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Ethical Decision Making in Education: Utilizing the Ways of Knowing through the Realms of Meaning by William Allan Kritsonis, PhD
 

Ethical Decision Making in Education: Utilizing the Ways of Knowing through the Realms of Meaning by William Allan Kritsonis, PhD

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Ethical Decision Making in Education: Utilizing the Ways of Knowing through the Realms of Meaning by William Allan Kritsonis, PhD...

Ethical Decision Making in Education: Utilizing the Ways of Knowing through the Realms of Meaning by William Allan Kritsonis, PhD


Dr. William Allan Kritsonis earned his BA in 1969 from Central Washington University, Ellensburg, Washington. In 1971, he earned his M.Ed. from Seattle Pacific University. In 1976, he earned his PhD from the University of Iowa. In 1981, he was a Visiting Scholar at Teachers College, Columbia University, New York, and in 1987 was a Visiting Scholar at Stanford University, Palo Alto, California.

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    Ethical Decision Making in Education: Utilizing the Ways of Knowing through the Realms of Meaning by William Allan Kritsonis, PhD Ethical Decision Making in Education: Utilizing the Ways of Knowing through the Realms of Meaning by William Allan Kritsonis, PhD Presentation Transcript

    • Ethical Decision Making In Education: Utilizing The Ways of Knowing through the Realms of Meaning William Allan Kritsonis, PhD Professor PhD Program in Educational Leadership Prairie View A&M University The Texas A&M University System
    • Ways of Knowing through the Realms of Meaning
      • The six realms cover the range of possible meanings that comprise the basic competencies that general education should develop in every person. A complete person should be skilled in the use of speech, symbol, and gesture (Symbolics), factually well informed (Empirics), capable of creating and appreciating objects of esthetic significance (Esthetics), endowed with a rich and disciplined life in relation to self and others (Synnoetics), able to make wise decisions and to judge between right and wrong (Ethics), and possessed an integal outlook (Synoptics). These are the aims of general education for the development of whole persons. (Kritsonis, 2007, p. 15)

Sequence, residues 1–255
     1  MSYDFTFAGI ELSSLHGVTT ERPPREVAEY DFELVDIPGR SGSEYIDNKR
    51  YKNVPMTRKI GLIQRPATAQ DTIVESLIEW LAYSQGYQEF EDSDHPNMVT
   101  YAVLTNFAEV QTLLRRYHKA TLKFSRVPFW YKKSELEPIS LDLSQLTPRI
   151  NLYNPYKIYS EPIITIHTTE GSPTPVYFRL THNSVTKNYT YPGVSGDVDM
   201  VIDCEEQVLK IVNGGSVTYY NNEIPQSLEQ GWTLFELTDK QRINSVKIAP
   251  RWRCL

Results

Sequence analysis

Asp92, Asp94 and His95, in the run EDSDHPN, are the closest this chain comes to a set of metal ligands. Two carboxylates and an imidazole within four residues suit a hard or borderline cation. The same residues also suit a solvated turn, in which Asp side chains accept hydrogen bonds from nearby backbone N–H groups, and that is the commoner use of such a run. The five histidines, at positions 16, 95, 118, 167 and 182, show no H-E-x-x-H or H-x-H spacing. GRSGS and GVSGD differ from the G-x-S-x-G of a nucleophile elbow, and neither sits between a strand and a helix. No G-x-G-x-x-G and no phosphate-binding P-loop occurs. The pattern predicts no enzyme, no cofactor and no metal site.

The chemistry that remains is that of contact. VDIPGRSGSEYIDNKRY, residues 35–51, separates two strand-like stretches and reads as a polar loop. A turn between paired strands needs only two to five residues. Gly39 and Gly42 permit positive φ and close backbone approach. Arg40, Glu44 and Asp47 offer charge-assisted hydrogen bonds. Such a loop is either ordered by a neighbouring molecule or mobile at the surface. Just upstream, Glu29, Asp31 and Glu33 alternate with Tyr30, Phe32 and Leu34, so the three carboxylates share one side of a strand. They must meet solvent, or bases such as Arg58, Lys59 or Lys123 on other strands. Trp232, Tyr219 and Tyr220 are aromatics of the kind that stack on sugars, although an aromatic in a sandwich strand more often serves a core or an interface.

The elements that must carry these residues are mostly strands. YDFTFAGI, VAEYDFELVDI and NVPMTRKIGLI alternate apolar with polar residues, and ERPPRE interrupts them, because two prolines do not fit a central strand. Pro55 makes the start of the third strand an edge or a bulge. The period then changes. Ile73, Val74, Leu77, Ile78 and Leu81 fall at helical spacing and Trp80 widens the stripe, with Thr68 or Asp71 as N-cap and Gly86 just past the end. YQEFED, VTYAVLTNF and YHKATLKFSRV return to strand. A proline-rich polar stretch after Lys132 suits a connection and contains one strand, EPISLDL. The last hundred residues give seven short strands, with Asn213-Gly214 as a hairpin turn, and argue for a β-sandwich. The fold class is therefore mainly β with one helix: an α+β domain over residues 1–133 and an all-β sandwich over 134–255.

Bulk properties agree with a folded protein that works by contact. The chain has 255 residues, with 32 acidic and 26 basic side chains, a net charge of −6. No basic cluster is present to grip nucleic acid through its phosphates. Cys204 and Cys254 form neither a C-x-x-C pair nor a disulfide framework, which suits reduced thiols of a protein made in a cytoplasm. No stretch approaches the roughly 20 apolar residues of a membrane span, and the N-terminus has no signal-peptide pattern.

• Caring/Kindness Generosity Tolerance Citizenship Initiative Confidence Cooperation Loyalty Courage Patience Dependability/Reliability Respect Perseverance Fairness Responsibility Honesty Trust Love
    • Responsibility
      • “ The Realm of ethics is concerned with active personal commitment” (Kritsonis, 2007).
      • Responsibility entails:
      • Dependability
      • Initiative
      • Assertiveness
      • Self-Confidence
      • Desire to Excel
    • Trust
      • Trust is building confidence through teamwork and open communication.
      • Trust facilitates cooperation and promotes cohesiveness.
      • Trust is built by behavior that is considerate, supportive, and collegial.
      • “ Trust is like air; no one thinks much about it until it is needed and is not there” (Hoy & Miskel, 2005).
    • Professional Development
      • One who reads widely, attend workshops and conferences, member of professional associations, consult with colleagues, self-reflection.
      • Synnoetics : Ongoing commitment towards human association with concern as well as seeking the well-being of others.
      • Searching for insight and training into educational issues.
    • Effective Interpersonal Skills
      • Develops strong binding interpersonal skills with students, parents and colleagues= trust between all members. (Kritsonis, 2007)
      • Symbolics : Symbolizes a way for individuals to experience meaning through communication.
      • Effective communication derives from the principle that language is a source of power expressing various experiences of each individual.
    • Environment of Care
      • Responsibility of educators to build care and compassion with the community. (Kritsonis, 2007)
      • Synoptics : A school environment of care values all members’ individual feelings and emotions into one synopsis or single vision.
      • Educators have to make a conscious decision to study our past mistakes, care for others, at the same time accommodate to the needs of the organization and the community.
    • Protect the Rights of Stakeholders
      • Educators have a responsibility to protect and respect students’ individuality and acknowledge their right to make choices for themselves. (Kritsonis, 2007)
      • Ethics : These beliefs and choices of what is right and wrong lay the foundation for our civilization and culture.